O’Casey’s themes of nationalism, divisiveness, religious freedoms and “rights,” the merits of socialism, and fantasy versus reality (fake news, alternate facts) counterpoint powerfully with the current political climate in the United States and throughout Europe.

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Off-Broadway Review: “A Strange Loop” at Playwrights Horizons

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  • David Roberts, Chief New York Critic, Outer Critics Circle/Drama Desk Member

Last season, two off-Broadway plays – “Daddy” and “Slave Play” (both by Jeremy O. Harris) – highlighted significant issues about the self-identity of young black gay and queer men and raised rich and enduring questions about the role of family, friends, culture, and “indifferent yet fetishizing white gays” in that process of discovery. This season, Michael R. Jackson’s original musical “A Strange Loop,” currently playing at Playwrights Horizons, similarly “sorts through layers of self-perception and the perceptions of the world around him” as his protagonist Usher (an impressive and transparent Larry Owens) explores “what it can feel like to be a ‘self’ in general and a black queer self in particular.” Usher’s quest is further complicated by his thoughts that interrupt his writing of a musical about his self-perception.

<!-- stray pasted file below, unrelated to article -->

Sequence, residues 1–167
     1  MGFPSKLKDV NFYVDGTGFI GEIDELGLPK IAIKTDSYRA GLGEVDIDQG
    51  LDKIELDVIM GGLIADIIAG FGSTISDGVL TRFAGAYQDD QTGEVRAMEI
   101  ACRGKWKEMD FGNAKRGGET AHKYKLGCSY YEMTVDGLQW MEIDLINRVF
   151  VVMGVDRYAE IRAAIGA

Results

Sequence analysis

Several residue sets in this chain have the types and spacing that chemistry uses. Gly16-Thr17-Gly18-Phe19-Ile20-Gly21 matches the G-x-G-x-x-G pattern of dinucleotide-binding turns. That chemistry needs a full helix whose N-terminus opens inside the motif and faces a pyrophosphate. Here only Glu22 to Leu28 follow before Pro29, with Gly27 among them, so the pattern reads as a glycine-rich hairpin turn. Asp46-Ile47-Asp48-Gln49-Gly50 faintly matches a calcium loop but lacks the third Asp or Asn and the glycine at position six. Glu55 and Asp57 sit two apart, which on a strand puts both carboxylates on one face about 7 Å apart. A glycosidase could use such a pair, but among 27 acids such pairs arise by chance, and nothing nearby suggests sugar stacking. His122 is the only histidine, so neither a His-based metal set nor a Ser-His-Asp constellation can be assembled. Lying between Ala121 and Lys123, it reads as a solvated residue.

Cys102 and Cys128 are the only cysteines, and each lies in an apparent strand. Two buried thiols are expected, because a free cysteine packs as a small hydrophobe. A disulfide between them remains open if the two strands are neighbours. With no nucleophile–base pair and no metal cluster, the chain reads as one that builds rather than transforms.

Usher’s inner cogitations are shared with the audience through the words and songs of six on stage “Thoughts” (Antwayn Hopper, James Jackson, Jr., L Morgan Lee, John-Michael Lyles, John-Andrew Morrison, and Jason Veasey). This gifted ensemble cast batters Usher with his obsessive reflections about self and world as both individual and cacophonous choral thoughts and creates a fascinating and original “conversation” with the one having the apprehensions. The actors not only sing through Usher’s thoughts but portray all the characters inhabiting those thoughts. Montana Levi Blanco’s costumes bring appropriate energy to each character.